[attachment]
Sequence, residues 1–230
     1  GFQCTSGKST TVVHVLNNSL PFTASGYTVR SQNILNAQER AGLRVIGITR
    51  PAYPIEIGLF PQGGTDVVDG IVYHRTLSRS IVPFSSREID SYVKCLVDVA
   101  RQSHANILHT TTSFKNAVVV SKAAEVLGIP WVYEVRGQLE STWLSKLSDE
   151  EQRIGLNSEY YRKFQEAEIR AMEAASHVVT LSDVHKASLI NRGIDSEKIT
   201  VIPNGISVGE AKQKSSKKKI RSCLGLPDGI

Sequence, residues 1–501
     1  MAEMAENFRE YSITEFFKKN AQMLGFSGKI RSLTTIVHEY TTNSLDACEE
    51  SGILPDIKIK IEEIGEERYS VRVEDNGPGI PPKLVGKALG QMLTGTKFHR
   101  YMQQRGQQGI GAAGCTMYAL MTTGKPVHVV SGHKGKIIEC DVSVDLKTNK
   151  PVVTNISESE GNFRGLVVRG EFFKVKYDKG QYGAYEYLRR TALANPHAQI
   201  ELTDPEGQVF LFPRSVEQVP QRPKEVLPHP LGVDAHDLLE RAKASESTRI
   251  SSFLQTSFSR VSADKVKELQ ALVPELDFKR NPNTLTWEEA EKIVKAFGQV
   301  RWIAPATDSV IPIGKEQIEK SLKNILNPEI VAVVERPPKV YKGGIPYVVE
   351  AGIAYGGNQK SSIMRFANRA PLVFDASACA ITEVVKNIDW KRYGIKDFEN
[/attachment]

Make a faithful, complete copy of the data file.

Sequence, residues 1–230
     1  GFQCTSGKST TVVHVLNNSL PFTASGYTVR SQNILNAQER AGLRVIGITR
    51  PAYPIEIGLF PQGGTDVVDG IVYHRTLSRS IVPFSSREID SYVKCLVDVA
   101  RQSHANILHT TTSFKNAVVV SKAAEVLGIP WVYEVRGQLE STWLSKLSDE
   151  EQRIGLNSEY YRKFQEAEIR AMEAASHVVT LSDVHKASLI NRGIDSEKIT
   201  VIPNGISVGE AKQKSSKKKI RSCLGLPDGI

Sequence, residues 1–501
     1  MAEMAENFRE YSITEFFKKN AQMLGFSGKI RSLTTIVHEY TTNSLDACEE
    51  SGILPDIKIK IEEIGEERYS VRVEDNGPGI PPKLVGKALG QMLTGTKFHR
   101  YMQQRGQQGI GAAGCTMYAL MTTGKPVHVV SGHKGKIIEC DVSVDLKTNK
   151  PVVTNISESE GNFRGLVVRG EFFKVKYDKG QYGAYEYLRR TALANPHAQI
   201  ELTDPEGQVF LFPRSVEQVP QRPKEVLPHP LGVDAHDLLE RAKASESTRI
   251  SSFLQTSFSR VSADKVKELQ ALVPELDFKR NPNTLTWEEA EKIVKAFGQV
   301  RWIAPATDSV IPIGKEQIEK SLKNILNPEI VAVVERPPKV YKGGIPYVVE
   351  AGIAYGGNQK SSIMRFANRA PLVFDASACA ITEVVKNIDW KRYGIKDFEN